“The Real World Order” by George Friedman of Stratfor (update)

This is, IMO, one of his best reports.  Although he expresses it differently, he refers to a process often discussed here:  the very existence of a hegemonic state impells some of the other great powers to ally against it.  Considering the weak economic foundations of American power, like that of the UK after WWI, the outcome could be unpleasant for us.  I strongly recommend reading this.

Summary:  “The post-Cold War world, the New World Order, ended with authority on Aug. 8, 2008, when Russia and Georgia went to war.”

Update:  I have inserted comments in red italics.

The Real World Order“, George Friedman, Stratfor, 18 August 2008 — Reposted in full below. 

On Sept. 11, 1990, U.S. President George H. W. Bush addressed Congress. He spoke in the wake of the end of Communism in Eastern Europe, the weakening of the Soviet Union, and the invasion of Kuwait by Saddam Hussein. He argued that a New World Order was emerging: “A hundred generations have searched for this elusive path to peace, while a thousand wars raged across the span of human endeavor, and today that new world is struggling to be born. A world quite different from the one we’ve known. A world where the rule of law supplants the rule of the jungle. A world in which nations recognize the shared responsibility for freedom and justice. A world where the strong respect the rights of the weak.”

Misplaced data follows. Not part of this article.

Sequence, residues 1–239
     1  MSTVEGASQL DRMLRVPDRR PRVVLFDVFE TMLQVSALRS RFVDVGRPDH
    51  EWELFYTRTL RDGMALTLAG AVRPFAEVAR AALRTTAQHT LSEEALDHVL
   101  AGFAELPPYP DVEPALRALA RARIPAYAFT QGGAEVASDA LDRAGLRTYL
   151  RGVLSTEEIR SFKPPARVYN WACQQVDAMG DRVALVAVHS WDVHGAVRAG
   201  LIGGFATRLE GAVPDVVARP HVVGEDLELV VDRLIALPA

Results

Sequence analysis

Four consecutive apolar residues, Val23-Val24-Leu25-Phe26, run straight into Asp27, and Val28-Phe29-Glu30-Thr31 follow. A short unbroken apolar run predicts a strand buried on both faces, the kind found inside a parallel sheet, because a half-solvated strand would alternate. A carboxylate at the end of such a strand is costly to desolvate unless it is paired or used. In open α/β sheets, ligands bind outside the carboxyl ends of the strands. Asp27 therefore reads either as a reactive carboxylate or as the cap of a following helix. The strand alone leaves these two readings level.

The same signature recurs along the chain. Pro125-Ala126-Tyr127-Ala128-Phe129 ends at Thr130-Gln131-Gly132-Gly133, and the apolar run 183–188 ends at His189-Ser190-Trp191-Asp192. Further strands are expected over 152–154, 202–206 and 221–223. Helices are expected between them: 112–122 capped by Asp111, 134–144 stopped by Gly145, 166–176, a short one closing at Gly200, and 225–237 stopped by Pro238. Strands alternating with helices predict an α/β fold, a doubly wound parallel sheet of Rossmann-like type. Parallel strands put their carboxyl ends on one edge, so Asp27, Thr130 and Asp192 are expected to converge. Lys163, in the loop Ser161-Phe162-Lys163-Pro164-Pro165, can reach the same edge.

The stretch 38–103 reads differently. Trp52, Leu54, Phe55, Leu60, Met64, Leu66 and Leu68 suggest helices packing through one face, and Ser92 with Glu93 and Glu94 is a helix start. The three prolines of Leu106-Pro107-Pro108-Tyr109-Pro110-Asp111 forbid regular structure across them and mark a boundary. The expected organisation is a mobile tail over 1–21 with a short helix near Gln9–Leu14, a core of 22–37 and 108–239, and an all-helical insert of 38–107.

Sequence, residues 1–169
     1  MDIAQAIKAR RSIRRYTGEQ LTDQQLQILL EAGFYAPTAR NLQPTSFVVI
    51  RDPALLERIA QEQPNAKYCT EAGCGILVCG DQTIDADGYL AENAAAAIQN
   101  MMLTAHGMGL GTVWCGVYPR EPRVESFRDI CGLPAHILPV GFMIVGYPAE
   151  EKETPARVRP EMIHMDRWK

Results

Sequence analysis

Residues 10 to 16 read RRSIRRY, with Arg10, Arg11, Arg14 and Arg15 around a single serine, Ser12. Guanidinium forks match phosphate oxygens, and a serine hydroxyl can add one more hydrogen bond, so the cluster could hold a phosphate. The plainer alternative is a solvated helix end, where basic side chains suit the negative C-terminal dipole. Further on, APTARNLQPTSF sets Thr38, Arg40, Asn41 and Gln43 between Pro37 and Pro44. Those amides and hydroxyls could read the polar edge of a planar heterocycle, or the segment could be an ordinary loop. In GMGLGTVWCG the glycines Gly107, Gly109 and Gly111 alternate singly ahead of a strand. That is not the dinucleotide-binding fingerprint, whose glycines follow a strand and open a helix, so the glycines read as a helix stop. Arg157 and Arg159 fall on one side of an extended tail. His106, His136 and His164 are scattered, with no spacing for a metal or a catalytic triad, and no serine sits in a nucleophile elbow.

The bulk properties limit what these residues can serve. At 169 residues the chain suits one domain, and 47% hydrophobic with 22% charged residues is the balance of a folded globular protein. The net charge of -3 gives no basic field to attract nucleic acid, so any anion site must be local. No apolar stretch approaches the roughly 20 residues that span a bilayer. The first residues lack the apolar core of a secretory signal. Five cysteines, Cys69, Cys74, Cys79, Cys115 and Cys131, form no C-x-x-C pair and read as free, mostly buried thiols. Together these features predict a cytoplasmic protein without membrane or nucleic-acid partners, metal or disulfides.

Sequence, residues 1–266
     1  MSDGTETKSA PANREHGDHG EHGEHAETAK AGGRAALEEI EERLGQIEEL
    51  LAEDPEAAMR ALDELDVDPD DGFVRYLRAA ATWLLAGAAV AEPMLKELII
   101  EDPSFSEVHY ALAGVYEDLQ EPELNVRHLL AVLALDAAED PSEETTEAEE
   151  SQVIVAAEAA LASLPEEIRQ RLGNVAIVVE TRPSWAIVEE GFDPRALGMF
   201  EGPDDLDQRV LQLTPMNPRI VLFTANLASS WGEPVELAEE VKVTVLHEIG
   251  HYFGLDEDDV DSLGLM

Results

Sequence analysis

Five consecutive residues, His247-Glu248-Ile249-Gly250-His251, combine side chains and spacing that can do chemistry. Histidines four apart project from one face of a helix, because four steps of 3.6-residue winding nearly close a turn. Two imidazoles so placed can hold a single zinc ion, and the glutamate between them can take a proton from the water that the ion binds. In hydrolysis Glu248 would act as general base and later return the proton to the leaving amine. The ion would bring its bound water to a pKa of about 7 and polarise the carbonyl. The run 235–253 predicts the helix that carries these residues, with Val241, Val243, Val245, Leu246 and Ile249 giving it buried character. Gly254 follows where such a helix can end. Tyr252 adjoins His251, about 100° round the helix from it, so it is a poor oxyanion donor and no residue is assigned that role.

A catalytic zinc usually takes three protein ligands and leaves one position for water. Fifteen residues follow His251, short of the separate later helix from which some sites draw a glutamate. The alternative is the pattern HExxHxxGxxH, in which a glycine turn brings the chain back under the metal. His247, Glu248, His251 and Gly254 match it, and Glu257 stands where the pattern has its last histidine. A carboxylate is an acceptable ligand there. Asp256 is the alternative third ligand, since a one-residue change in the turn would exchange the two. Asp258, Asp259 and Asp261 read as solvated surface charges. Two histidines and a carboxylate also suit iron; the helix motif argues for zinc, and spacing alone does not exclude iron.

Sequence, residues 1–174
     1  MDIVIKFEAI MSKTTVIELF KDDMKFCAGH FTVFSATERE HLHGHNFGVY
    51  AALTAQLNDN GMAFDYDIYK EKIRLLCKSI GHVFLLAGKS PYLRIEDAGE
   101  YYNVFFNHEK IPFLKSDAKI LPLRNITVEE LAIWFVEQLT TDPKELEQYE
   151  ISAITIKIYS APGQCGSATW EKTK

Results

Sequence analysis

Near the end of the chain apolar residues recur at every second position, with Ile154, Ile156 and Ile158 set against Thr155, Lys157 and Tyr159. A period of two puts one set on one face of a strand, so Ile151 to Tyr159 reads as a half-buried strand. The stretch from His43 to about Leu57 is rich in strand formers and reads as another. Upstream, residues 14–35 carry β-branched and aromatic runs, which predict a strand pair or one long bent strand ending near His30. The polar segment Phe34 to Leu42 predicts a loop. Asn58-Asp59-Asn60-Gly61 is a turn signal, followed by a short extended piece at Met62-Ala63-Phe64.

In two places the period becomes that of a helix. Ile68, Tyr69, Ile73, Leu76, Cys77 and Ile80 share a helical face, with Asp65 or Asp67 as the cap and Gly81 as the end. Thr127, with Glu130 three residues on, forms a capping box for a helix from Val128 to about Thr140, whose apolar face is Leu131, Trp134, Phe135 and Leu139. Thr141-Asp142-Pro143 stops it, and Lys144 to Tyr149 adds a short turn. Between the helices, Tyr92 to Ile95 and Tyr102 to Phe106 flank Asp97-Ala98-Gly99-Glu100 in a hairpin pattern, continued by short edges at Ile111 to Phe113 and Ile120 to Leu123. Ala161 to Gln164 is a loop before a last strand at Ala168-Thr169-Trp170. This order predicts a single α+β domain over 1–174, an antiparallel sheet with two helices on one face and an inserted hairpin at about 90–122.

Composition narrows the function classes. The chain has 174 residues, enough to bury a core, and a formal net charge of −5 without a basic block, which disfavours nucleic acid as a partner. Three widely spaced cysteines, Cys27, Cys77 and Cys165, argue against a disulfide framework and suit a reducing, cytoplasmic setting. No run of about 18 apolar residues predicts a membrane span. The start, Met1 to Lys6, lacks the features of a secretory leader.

After every major, systemic war, there is the hope that this will be the war to end all wars. The idea driving it is simple. Wars are usually won by grand coalitions. The idea is that the coalition that won the war by working together will continue to work together to make the peace. Indeed, the idea is that the defeated will join the coalition and work with them to ensure the peace. This was the dream behind the Congress of Vienna, the League of Nations, the United Nations and, after the Cold War, NATO. The idea was that there would be no major issues that couldn’t be handled by the victors, now joined with the defeated. That was the idea that drove George H. W. Bush as the Cold War was coming to its end.